Now, with Spain experiencing its worst economic crisis since the end of Franco's dictatorship, medical tourism is one of the country's few booming industries. Spain leads Europe in the donation and transplantation of both organs and eggs.
Clínica Eugin alone oversaw more than 3,000 donation cycles last year, around 10 percent of all such treatments throughout Europe. One of the largest egg, sperm and embryo banks is also being established here.
Thanks to a super-fast freezing process called vitrification, within a few years women may routinely be able to use their own eggs, harvested during their younger years, for in vitro fertilization. Then they would no longer need to rely on implantation with donor eggs, which can cost up to 10,000 in Spain and much more in Great Britain or Denmark.
More Egg Donors
For now, however, clinics are in need of more donors. And with Spain having been hit hard by the euro crisis -- suffering from 26 percent unemployment and 56 percent youth unemployment -- more and more Spanish women are willing to submit to the difficult harvesting procedure. Egg donation takes place anonymously, and a maximum of six children can be born from eggs donated by any one woman.
Mónica Campos received a thorough check-up at the clinic, where a minimum of 10 appointments are necessary. Potential donors are tested for hereditary diseases and possible genetic defects; they have blood drawn, receive an electrocardiogram and undergo a psychological evaluation. Then, for two weeks at a time, Campos would administer daily hormone injections to her abdomen to stimulate her ovaries and produce more eggs. Only then was she anesthetized so that the mature egg cells, six at a time, could be harvested. Campos says that recipients became pregnant each time.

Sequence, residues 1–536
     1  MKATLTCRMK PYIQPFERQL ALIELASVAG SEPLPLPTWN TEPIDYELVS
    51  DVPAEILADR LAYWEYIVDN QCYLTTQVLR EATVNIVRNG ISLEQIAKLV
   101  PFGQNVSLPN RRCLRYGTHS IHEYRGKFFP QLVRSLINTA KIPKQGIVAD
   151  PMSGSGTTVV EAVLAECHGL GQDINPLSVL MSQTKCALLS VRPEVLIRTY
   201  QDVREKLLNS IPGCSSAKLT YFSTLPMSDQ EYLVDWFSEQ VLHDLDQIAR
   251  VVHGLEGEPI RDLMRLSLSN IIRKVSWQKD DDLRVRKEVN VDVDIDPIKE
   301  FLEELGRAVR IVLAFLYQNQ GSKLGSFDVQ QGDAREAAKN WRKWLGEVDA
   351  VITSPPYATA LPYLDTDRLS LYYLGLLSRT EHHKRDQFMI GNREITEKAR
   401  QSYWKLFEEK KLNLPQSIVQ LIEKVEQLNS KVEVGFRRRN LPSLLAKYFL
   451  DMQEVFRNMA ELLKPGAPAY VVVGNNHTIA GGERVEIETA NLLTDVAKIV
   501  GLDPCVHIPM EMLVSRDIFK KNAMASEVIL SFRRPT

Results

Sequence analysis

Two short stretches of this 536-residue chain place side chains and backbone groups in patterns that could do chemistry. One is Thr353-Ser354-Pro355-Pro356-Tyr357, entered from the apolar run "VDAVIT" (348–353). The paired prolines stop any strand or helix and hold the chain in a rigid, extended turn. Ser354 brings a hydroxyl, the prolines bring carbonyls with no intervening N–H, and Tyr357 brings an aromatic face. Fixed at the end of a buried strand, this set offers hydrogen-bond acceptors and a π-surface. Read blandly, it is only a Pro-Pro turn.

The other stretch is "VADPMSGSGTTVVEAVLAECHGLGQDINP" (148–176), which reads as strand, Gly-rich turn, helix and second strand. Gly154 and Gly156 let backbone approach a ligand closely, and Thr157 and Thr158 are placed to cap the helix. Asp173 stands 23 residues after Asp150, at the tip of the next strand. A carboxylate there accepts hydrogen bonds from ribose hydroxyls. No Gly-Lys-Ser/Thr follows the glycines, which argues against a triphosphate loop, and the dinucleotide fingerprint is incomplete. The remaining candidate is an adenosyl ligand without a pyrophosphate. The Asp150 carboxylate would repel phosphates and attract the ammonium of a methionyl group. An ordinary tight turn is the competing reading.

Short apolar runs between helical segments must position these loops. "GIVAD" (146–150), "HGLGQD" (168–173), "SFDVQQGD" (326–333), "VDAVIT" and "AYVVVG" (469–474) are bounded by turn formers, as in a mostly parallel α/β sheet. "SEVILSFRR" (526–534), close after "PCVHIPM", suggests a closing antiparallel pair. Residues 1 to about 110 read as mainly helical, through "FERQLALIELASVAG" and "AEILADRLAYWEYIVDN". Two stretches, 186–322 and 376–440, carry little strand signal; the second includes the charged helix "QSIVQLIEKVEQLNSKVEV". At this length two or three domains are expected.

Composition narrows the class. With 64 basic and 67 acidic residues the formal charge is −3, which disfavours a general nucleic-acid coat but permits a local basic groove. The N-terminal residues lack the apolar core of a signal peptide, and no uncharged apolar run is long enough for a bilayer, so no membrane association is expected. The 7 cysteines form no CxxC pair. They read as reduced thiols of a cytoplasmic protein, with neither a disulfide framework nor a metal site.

After every donation, Campos would approach another clinic in Barcelona or the surrounding area as soon as she could, ready to donate again and keep her source of income. She didn't tell the doctors about her previous donations. "I lied to them," Campos admits, justifying her actions with her desperate financial situation. Instead, she told the clinic doctors she was motivated by a desire to help infertile women conceive. That was an answer her examiners were happy to hear, she says. She didn't say anything to them about money.
The dire economic situation in Spain is attracting more potential egg donors, says Buenaventura Coroleu Lletget, head of the Reproductive Medicine Service at Dexeus. Lletget sees this as an advantage, since it provides doctors with a larger pool from which to find the best possible phenotypic match between donor and recipient, in terms of blood group, skin, eye and hair color, height and weight.
"But we are rigorous in our selection of applicants," he stresses, explaining that only 35 out of 100 women who apply ultimately make it as far as actually donating eggs, a third of them university students. A gallery of baby pictures next to his desk testifies to the clinic's success stories.